Photograph (below) of the Chandelier in Hillwood’s Breakfast Room 

Were the chandeliers in Nicholas II’s Gothic Library sold during the 1930s and the current owners unaware of its provenance?

  

Monday, 20 March 2017

Court Photographer in Coburg Germany

On April 8th, 1894 Nicholas II became engaged to Alix while in Coburg to attend the wedding of Grand Duke Ernest and Victoria Melita.

On Thursday, April 14th, 1894 Nicholas wrote “… At 11:15 I went with Alix and all her sisters to the local photographer, where we had our pictures taken in various poses, each one alone and in pairs. The stuffiness in his studio was hellish …”

Photograph (below) of Nicholas & Alix taken on April 14th

Photographs (below) of Professor Eduard Uhlenhuth, the Court Photographer, and his former studio in Coburg


On Wednesday, April 20th, 1894 Nicholas wrote “… Alix and I … have our picture taken at Uhlenhuth’s. He brought photo proofs of us together; she is in an open-neck dress and I in my Hussar’s fur-trimmed jacket …”

Photograph (below) of Nicholas & Alix taken on April 20th

Eduard Uhlenhuth, born in 1853, opened his first studio in Coburg in 1880. By 1898, he had expanded his photography business to Rudolfstadt and Schweinfurt. His descendants continue the tradition today in Schweinfurt.

Photograph (below) of Uhlenhuth company in Schweinfurt today 

Saturday, 18 March 2017

Queen Victoria’s Forgotten Osborne & Albert Cottages

For half a century, Osborne and Albert Cottages, located outside the gates of Queen Victoria’s Osborne House on the Isle of Wight, were important Court residences. They were used by the Queen’s Private Secretary and other Household Officials, and for the overflow of guests from the Russian Imperial family to the Duke of Edinburgh’s, when the Queen was in residence at Osborne.

Photographs (below) of Osborne Cottage



On January 14th , 1878 Queen Victoria wrote in her journal “… After dinner we went to the Council Room and saw the Telephone. A Professor [Alexander Graham] Bell explained the whole process, which is most extraordinary. It had been put in communication with Osborne Cottage and we talked with Sir Thomas and Mary Biddulph, also heard some singing quite plainly. But it is rather faint and one must hold the tube close to one’s ear … The man, who was very pompous, kept calling Arthur Lord Connaught! which amused us very much …” [A.N. Wilson ‘Victoria – A Life’]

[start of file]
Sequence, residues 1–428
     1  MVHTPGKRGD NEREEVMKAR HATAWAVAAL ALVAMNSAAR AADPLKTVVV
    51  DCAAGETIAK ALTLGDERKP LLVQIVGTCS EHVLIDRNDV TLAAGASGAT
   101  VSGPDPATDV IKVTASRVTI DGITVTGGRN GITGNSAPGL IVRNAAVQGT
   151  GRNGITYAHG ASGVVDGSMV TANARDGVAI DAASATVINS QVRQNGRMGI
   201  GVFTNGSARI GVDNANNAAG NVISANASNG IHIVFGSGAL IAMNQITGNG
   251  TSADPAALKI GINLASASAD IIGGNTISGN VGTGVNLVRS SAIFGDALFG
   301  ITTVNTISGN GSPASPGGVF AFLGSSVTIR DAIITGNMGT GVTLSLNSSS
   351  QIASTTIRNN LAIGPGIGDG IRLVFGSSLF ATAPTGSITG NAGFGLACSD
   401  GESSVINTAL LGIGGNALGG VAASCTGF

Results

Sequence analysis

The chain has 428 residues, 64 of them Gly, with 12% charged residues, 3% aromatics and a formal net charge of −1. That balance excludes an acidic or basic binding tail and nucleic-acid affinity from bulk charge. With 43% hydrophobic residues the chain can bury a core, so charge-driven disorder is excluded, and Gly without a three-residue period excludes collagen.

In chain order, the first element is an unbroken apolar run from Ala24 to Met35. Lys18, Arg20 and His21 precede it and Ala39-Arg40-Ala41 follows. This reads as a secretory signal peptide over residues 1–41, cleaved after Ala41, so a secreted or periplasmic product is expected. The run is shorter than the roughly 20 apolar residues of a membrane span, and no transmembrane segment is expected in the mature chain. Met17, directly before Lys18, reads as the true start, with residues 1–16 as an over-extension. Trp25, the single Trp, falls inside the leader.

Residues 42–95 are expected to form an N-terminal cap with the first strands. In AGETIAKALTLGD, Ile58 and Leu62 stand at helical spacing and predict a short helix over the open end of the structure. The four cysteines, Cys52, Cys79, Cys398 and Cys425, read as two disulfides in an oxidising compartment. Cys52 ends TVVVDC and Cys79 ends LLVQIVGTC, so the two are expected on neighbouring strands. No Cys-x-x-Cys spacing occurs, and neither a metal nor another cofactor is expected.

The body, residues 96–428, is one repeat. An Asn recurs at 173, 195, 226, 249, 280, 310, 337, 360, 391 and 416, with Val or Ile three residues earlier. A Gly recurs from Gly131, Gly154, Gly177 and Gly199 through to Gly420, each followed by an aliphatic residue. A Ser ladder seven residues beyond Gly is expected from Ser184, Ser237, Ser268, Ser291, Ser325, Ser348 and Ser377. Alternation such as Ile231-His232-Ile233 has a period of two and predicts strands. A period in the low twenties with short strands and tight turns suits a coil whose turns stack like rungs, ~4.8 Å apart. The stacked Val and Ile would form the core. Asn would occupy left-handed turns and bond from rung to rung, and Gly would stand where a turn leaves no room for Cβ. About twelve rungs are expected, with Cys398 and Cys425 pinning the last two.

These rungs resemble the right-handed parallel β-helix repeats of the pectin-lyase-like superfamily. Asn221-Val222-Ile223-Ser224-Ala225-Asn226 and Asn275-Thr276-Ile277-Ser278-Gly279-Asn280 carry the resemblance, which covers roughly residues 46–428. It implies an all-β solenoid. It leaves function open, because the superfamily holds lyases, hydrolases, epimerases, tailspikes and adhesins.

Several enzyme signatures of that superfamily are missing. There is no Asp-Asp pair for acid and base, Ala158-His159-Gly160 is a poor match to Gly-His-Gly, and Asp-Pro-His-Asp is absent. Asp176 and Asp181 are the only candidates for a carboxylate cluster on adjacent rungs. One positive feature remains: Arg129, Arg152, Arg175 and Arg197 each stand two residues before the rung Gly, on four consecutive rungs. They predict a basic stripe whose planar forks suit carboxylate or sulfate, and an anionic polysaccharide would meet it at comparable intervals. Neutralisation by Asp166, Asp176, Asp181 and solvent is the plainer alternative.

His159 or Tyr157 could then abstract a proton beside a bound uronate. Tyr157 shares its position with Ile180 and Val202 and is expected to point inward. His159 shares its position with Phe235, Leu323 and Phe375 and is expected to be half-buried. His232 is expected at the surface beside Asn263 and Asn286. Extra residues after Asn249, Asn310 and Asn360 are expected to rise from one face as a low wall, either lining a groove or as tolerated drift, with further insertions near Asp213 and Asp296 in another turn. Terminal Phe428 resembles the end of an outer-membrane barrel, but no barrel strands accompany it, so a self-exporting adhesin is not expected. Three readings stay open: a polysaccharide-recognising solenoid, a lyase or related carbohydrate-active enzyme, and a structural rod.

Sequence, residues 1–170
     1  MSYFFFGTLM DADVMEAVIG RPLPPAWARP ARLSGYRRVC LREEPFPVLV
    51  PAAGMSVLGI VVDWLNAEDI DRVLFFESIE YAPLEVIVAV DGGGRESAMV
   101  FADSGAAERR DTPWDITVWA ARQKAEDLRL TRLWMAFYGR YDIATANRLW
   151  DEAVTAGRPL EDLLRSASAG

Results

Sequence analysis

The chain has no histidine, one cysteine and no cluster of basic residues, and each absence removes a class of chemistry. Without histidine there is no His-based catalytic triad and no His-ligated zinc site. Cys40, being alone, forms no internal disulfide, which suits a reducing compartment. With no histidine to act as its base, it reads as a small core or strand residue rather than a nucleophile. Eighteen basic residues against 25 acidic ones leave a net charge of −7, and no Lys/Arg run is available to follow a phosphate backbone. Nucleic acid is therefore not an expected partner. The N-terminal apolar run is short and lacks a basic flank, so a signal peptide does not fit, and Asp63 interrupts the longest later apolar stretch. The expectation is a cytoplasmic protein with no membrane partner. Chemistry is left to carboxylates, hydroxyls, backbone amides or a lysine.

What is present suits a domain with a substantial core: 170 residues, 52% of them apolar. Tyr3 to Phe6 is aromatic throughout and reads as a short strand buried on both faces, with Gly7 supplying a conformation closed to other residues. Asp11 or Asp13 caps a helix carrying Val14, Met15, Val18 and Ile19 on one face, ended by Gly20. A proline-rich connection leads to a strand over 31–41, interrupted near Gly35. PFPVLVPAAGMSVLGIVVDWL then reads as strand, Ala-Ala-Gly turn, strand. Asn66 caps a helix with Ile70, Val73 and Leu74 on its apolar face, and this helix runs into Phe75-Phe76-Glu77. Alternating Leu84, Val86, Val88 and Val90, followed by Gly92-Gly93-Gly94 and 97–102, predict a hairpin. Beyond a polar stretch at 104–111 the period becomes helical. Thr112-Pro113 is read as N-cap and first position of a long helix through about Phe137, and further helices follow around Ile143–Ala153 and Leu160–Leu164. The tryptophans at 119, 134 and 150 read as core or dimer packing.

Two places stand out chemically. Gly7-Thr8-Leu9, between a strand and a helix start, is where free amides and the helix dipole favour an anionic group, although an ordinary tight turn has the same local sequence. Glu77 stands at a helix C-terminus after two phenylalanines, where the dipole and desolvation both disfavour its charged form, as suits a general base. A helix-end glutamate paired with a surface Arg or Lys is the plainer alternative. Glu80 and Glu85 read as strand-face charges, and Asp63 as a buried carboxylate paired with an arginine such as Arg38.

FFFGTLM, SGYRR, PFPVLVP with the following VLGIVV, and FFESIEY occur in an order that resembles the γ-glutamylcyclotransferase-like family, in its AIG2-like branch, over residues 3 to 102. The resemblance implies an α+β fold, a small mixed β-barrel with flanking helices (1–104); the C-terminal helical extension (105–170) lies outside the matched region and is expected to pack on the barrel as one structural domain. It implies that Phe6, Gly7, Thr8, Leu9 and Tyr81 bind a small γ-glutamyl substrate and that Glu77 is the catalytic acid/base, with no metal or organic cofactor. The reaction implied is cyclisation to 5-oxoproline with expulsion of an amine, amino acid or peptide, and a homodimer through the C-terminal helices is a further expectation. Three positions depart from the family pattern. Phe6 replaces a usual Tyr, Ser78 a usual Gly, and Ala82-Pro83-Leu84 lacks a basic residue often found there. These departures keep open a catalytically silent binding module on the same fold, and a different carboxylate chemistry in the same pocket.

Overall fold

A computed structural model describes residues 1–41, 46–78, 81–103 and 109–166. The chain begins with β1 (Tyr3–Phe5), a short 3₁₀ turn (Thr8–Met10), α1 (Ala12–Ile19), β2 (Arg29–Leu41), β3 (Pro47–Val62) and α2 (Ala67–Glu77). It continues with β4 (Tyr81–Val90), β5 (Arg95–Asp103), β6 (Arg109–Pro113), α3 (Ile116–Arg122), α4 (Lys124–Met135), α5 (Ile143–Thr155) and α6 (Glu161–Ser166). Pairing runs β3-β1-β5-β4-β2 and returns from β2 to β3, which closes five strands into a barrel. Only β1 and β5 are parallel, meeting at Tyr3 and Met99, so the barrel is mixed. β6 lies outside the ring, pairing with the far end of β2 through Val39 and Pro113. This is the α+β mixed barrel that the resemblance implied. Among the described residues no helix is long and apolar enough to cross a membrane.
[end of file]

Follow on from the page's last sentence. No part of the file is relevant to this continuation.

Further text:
Correspondence (below) of the Queen’s Purchase of Telephones for Osborne House




On Saturday, July 9th, 1894 Nicholas II wrote in his diary “… I rode with Alix to the Swiss Cottage, where we ate fruit; then we looked over Osborne and Albert Cottage. I remember nothing of our coming here in 1873 …”

Photographs (below) of Albert Cottage




Albert Cottage is next to the ceremonial entrance ‘Sovereign Gate’ to Osborne House, used exclusively by the Queen and Royal family then and today.

Photographs & Plan (below) of  the Sovereign Gate



On Wednesday, July 22nd, 1909 Nicholas II wrote “… At 3PM we went ashore and rode off in automobiles to Osborne. We looked over … the palace of the deceased Queen where I had stayed 15 years ago … We visited Uncle Bertie’s three sisters at Osborne Cottage …”


Princess Beatrice’s 1901 Osborne Cottage Menu (below) 

Wednesday, 15 March 2017

The Lost Painting in the Empress’ Bedroom in the Winter Palace

Grand Duchess Marie, the daughter of Alexander II and Empress Marie, was with her mother in the Winter Palace in April 1880.

On April 8th, she wrote “… Missy’s [Princess Marie of Edinburgh] picture reached us quite safely, except that the frame was broken. Mama had it always on her bed or on a chair in front of her sofa …” Missy’s portrait was a gift from Queen Victoria to the Empress Marie. [Diana Mandache ‘Dearest Missy’]

Photograph c1917 (below) of the Bedroom of Empress Marie in the Winter Palace

Two years later, another portrait of Princess Marie of Edinburgh was commissioned. 

Beatrix Potter wrote in her journal on Sunday, February 5th, 1882 “… Mr. [John] Millais is going to paint the portrait of one of the Duchess of Edinburgh’s children. The duchess is staying with Princess Mary, Kensington Palace. Mr. Millais went to see her yesterday, doubtless very shy. She offended him greatly. She enquired where his ‘rooms’ were, evidently doubtful whether a Princess might condescend to come to them. ‘My rooms m’am are in Palace Gate’ … He says she speaks English without the slightest accent, the Russians are wonderful at languages…

Saw the Duchess’ little girl come out of Mr. Millais’ about quarter past twelve – brown bonnet, sealskin jacket, long yellow hair to the waist. Mr. Millais got a matting and an extra butler for the occasion, he’s telling them, see what his rooms are like! …”

Millais exhibited ‘H.R.H. The Princess Marie’ (below) at the Summer Exhibition in the Royal Academy of Arts in June 1882.

The portrait given by Queen Victoria to Empress Marie has been lost. There are no photographs and the artist is unknown. In the 1920 inventory of the historical rooms of the Winter Palace, the paintings listed in Empress Marie’s bedroom are ‘The Virgin’, ‘Madeleine’, ‘Angel of Prayer’ and ‘ Holy Alexander Nevsky’.